But eight minutes of water under the best conditions only gives the tree perhaps 2 to 4 gallons each time it’s irrigated. Watering trees twice each day may be convenient but it is a bad idea.

Q: We planted a sweet broom shrub in March of this year and it did very well. This fall I noticed the leaves were gone and only tan spikes remained. I found the culprits: 11 caterpillars doing the damage. I used a soap and water spray and the next day they were dead.

Two days later I picked off 25 more caterpillars. I then switched to a rose and flower insect killer and killed these. But 10 days later I picked off 25 more. I didn’t think desert plants got caterpillars. This is crazy! What should I do?

A: It’s a common misconception that desert plants don’t get bugs. They do. Sometimes they get more bugs than plants not native to the desert. That’s because their pests are here to begin with and they easily migrate to desert landscape plants.

This is probably the fall webworm. They lay eggs on the bottom sides of leaves and spin webbing around where they are feeding. This webbing makes a water- and bird-resistant tent where they feed protected. These caterpillars can keep coming back for several weeks during late summer and fall. Sometimes they don’t.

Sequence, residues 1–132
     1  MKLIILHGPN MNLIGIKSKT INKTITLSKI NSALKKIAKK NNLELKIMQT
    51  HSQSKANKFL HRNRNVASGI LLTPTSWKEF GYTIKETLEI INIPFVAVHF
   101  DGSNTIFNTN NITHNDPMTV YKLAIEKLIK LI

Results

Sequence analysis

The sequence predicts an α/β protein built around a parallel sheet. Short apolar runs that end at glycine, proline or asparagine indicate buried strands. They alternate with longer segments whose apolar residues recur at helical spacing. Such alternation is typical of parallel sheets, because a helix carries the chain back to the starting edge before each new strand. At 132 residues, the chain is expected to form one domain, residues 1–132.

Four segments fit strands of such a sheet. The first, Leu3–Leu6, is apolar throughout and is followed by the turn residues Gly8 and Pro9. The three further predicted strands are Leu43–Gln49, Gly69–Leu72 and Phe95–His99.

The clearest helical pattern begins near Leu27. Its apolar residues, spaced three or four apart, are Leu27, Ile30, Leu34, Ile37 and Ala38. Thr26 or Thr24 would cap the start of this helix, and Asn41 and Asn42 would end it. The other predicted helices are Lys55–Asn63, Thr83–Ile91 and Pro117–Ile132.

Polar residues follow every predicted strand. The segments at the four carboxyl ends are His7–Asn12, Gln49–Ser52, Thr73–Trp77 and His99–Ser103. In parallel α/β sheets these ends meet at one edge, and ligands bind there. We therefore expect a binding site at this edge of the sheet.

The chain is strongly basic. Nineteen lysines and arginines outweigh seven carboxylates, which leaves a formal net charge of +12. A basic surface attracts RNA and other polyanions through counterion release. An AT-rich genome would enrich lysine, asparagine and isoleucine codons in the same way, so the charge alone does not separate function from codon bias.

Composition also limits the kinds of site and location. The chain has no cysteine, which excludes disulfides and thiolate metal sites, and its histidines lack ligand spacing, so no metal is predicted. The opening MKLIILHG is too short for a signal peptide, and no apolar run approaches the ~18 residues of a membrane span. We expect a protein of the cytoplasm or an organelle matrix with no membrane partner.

Soap and water sprays kill any bug, whether it’s a good bug or a bad bug. It’s a powerful insecticide. But it has one major disadvantage. It doesn’t last long. Once it is sprayed, this killing machine is finished. It doesn’t persist. To be effective, it must be sprayed over and over, every few days, when these bugs are seen.

Conventional insecticides, like the one you selected, is different from soap and water sprays because they persist. This is a good thing and a bad thing. It’s good because you don’t require spraying as often. It’s bad because it sticks around in the environment longer.

Another possible spray to use is Bt. It is not organic, but it is a natural pest control product. It persists longer than soap and water but not as long as most conventional insecticides like the one you were using.

Sweet broom is a good desert landscape plant. But it does have this problem so keep on the lookout in the spring and fall months for this pest and be prepared to deal with it when it arrives.

Bob Morris is a horticulture expert and professor emeritus of the University of Nevada, Las Vegas. Visit his blog at xtremehorticulture.blogspot.com. Send questions to Extremehort@aol.com.